When I was in college, I waited tables during the summer at a new fancy shmancy restaurant in my hometown. I had waited tables the summers before at a more local joint, but now I was old enough to serve alcohol. I would bank no less than $100 a night, and if a night was looking slow, like, I would not clear $100, I got cut, cause I never had to stay on a Monday, cause I was a weekend anchor. That shitty Monday shift was for the shittiest, laziest server of the bunch.
I pulled doubles, regularly. So regularly, in fact, that I burnt myself out after working seven days a week for an entire month, doubles on the regular. Obviously, I had a breakdown and ended up in the owner/manager's office, and I've told this story before, but basically, she just asked me what the problem was, and I told her that she never gives me a day off, and she laughed. She laughed in my face, and said, "You never ask for days off." And I sniffled and wiped my tears, and was like, "What the fuck?"
Anyway, she's one of my role models, and someday, I will be her. She is an unofficial official mentor of mine as I emailed her, not so long ago, and she replied with her phone number and a "call me," which I did. So, yea. She's my mentor, as well, to this day.
Anyway, I would bring in big bucks at that restaurant. I would easily make $10K over the course of the three months between spring and fall semester, and then, I would live off of that money during school.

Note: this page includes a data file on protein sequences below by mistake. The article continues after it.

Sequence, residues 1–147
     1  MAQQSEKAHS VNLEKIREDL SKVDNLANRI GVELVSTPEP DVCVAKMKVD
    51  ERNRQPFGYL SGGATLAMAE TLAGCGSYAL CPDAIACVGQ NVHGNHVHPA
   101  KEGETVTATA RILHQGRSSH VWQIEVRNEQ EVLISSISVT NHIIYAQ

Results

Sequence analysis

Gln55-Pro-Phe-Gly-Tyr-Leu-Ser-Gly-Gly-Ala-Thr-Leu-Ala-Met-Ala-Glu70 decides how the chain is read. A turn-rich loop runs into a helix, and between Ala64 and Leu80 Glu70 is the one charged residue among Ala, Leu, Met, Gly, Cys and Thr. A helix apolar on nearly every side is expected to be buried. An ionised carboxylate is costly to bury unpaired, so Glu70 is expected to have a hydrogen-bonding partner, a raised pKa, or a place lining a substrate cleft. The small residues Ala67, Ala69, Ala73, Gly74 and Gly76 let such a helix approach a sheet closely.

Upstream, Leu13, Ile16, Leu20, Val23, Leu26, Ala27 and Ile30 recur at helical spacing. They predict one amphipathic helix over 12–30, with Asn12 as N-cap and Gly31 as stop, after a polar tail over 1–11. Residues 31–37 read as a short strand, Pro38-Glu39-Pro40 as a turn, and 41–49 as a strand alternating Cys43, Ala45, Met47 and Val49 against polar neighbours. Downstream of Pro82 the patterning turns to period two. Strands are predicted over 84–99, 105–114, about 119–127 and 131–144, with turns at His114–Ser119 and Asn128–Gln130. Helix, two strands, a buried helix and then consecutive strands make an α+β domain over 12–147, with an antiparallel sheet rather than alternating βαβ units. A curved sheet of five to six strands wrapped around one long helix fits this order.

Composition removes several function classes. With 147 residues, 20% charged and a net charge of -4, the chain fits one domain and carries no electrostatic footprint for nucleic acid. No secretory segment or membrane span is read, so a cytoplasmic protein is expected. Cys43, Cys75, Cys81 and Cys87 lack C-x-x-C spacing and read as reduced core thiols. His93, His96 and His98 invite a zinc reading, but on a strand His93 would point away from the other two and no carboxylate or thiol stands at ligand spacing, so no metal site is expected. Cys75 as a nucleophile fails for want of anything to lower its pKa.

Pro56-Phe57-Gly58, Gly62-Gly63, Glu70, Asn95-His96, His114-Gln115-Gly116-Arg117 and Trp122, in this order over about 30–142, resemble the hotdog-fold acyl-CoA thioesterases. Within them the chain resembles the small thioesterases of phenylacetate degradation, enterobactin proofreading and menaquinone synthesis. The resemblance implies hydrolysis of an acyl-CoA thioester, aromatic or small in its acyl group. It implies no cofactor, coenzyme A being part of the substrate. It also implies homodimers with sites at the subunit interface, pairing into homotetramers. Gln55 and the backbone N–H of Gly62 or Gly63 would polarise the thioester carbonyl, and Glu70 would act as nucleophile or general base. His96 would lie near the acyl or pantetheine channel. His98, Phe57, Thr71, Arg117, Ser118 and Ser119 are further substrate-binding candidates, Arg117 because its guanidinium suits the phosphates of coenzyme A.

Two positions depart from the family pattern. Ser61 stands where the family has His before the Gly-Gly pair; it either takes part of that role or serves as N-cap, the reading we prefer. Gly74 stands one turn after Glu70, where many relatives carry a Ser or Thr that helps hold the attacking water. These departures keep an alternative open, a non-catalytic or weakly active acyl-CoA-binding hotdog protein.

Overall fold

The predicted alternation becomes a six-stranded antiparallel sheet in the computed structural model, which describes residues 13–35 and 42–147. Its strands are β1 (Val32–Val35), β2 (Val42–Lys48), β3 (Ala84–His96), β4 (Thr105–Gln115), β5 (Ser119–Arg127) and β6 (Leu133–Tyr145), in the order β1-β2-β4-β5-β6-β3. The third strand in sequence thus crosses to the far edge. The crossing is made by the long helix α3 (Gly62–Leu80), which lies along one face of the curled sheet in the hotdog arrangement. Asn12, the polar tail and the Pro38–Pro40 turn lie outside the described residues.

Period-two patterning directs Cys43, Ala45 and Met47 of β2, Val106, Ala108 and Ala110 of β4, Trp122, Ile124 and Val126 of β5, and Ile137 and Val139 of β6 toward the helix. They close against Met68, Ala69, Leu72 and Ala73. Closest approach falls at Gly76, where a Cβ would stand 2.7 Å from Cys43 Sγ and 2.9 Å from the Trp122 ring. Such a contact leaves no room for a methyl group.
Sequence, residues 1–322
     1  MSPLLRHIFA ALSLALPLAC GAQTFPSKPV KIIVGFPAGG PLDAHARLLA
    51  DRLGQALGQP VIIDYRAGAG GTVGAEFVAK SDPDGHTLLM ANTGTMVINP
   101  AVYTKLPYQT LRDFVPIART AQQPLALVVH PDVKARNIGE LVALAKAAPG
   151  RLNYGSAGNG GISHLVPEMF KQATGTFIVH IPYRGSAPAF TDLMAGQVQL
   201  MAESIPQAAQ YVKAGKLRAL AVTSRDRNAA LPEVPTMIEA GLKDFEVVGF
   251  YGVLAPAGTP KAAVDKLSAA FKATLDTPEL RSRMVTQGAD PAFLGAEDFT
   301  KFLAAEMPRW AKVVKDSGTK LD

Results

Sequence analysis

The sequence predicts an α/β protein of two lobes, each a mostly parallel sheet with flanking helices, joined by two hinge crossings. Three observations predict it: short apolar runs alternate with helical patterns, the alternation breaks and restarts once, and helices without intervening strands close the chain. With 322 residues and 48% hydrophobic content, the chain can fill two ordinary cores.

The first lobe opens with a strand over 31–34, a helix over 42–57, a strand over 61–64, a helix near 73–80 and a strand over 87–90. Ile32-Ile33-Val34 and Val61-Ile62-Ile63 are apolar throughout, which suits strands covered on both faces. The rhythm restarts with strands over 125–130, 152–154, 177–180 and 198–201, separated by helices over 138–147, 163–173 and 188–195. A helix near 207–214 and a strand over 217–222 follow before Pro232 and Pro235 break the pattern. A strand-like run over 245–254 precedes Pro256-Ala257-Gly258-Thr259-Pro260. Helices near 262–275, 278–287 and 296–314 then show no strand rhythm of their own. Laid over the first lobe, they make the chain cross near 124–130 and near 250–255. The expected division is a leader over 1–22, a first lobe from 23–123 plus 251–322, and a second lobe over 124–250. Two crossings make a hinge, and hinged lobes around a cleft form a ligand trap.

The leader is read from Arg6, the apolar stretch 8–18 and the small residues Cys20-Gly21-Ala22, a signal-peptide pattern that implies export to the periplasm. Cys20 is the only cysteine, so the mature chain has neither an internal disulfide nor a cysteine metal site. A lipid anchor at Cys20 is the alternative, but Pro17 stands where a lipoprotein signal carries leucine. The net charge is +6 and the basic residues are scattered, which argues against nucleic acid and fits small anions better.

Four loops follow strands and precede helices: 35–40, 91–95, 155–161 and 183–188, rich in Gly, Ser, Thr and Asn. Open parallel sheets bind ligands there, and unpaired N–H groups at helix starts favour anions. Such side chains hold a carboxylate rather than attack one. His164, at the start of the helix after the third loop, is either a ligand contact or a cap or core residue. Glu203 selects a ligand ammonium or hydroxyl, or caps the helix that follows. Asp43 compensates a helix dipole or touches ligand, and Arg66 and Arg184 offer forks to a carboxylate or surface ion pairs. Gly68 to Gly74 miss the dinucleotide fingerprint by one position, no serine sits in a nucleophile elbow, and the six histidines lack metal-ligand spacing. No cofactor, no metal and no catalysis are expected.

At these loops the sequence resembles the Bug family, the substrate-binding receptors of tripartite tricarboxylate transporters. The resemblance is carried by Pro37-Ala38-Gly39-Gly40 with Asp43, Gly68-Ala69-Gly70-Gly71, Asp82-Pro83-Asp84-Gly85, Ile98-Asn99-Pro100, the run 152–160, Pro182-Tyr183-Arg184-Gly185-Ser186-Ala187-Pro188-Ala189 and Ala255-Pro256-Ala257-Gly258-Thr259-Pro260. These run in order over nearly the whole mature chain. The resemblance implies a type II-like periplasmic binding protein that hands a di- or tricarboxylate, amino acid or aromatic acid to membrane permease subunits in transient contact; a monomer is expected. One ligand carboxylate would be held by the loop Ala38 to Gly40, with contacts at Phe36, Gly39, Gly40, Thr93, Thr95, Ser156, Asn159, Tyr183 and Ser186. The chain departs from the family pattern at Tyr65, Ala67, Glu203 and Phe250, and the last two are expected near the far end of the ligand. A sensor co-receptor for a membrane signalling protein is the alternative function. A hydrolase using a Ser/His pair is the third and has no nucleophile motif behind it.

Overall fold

I did this for two summers, and during the second summer, one of my coworkers, who worked there year-round, started treating me more like a coworker than a child. I was old enough to drink, now, lol. And it was during this summer that she started to become more of the owner/manager's Right Hand, and I smashed every weekend with her pulling doubles. We worked so well together, and we made some serious cash.
And then there was Thursdays? I can't remember which day, exactly, but there was this rich old man who would stroll into the restaurant every week on the same day of the week, and no matter what he ordered, he'd leave a $100 bill. Lunch would run him no more than twenty-five bucks, so that's that. Whoever got to be his server that day had their day shift made with just this one guy. So, we would trade. She was generous like that. She could've easily, easily, had that guy all to herself. She outranked me, and she out-aged me, but she was cool like that. She would give me a big top sometimes that I knew she wanted, but she would just give it to me every once in a while. Maybe she was just tired. Who knows.
Anyway, it was this server who said the thing that changed my life, forever. FOREVER.
One afternoon, we were just chatting, cause restaurants are typically slow between lunch and dinner, and so, there's some time to chat when you're setting up for dinner, etc. So, I just asked her some stuff about herself. She hailed from Bulgaria and was making a life for herself and her family in America. And she smiled, and she was so satisfied with her life, and she had just put 90% down on her first house, a house with TWO BEDROOMS!
She was living the Dream. The American Dream.
And I remember being so shocked by her love for America. There was so much possibility in her voice, in her outlook, in her life. She was so happy. She was working hard, and it was paying off.
And then, she said it; she said the thing. She said, "FREE MONEY." And I was like, what? And she was like, this job is free money. And I was like, explain more, please, and she said,
"I come here, and I stand around, and I wait until someone comes to eat food. Then I bring them what they want to eat, and they leave money on the table. I go over there, and I pick up the FREE MONEY."